After the undercut anchor is placed in the hole, the plug is moved inside of the attachment barrel into engagement with the inner ramps. This causes the pivotable gripping arms to pivot and spread apart from one another which causes the barbs to cut into and embed in the inner wall(s) that define the hole. In various embodiments, the gripping arms partially deform when the plug causes the gripping arms to spread apart and the barbs to cut into the inner wall(s) that define the hole. Once the barbs are embedded in the inner wall(s), the undercut anchor is strongly anchored in the hole in the concrete ceiling, even if the concrete ceiling is cracked or becomes cracked. The anchor enables a suitable fastener to be connected to the anchor to hang an object from the concrete ceiling. It should be appreciated that the undercut anchor of the present disclosure is configured to be employed in other concrete structures besides concrete ceilings. It should also be appreciated that the undercut anchor of the present disclosure is configured to be employed in other structure besides concrete structures.

Additional features and advantages of the present disclosure are described in, and will be apparent from, the following Detailed Description and the Figures.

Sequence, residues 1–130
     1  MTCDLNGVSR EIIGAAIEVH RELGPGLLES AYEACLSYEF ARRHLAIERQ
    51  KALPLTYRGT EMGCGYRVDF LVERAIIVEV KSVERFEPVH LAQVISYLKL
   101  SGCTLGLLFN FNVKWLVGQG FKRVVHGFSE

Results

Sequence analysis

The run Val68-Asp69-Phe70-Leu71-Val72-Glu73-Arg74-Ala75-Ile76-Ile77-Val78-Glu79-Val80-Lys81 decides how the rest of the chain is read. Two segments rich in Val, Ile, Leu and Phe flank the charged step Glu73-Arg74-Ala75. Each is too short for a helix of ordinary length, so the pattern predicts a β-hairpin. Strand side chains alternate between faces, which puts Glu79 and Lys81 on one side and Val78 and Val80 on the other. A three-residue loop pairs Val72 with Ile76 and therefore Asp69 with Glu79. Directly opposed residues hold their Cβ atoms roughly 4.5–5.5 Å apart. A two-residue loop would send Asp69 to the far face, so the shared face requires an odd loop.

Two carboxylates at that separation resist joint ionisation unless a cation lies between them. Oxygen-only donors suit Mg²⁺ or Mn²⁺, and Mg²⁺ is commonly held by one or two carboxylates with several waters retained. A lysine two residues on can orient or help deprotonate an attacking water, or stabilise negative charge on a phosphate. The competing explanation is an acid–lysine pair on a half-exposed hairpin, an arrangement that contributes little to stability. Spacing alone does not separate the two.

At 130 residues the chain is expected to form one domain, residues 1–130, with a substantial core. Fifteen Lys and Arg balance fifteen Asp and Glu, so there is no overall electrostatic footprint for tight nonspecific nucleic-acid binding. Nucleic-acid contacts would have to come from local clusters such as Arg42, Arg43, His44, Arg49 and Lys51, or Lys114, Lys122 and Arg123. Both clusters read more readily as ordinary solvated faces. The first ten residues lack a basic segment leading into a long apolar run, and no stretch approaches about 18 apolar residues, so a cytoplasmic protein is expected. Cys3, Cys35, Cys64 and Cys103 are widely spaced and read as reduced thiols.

BRIEF DESCRIPTION OF THE FIGURES

Figure 1 is an exploded top perspective view of an undercut anchor of one example embodiment of the present disclosure illustrating the plug and the attachment barrel of the undercut anchor before a first end of the attachment barrel (that includes the gripping arms) is formed for insertion into a hole in a concrete structure.

Figure 2 is a cross sectional view of the undercut anchor of Figure 1 before the first end of the attachment barrel of the undercut anchor is formed for insertion into a hole, and taken substantially along line 2-2 of Figure 1 .

Figure 3 is an enlarged perspective view of the attachment barrel of the undercut anchor of Figure 1 before the first end of the attachment barrel of the undercut anchor is formed for insertion into a hole.

Figure 4 is an enlarged bottom perspective view of the undercut anchor of Figure 1 before the first end of the attachment barrel of the undercut anchor is formed for insertion into a hole.

Figure 5 is a side view of the undercut anchor of Figure 1 before the first end of the attachment barrel of the undercut anchor is formed for insertion into a hole.

Figure 6 is an enlarged top perspective view of the undercut anchor of Figure 1 after the first end of the attachment barrel of the undercut anchor is formed for insertion into a hole.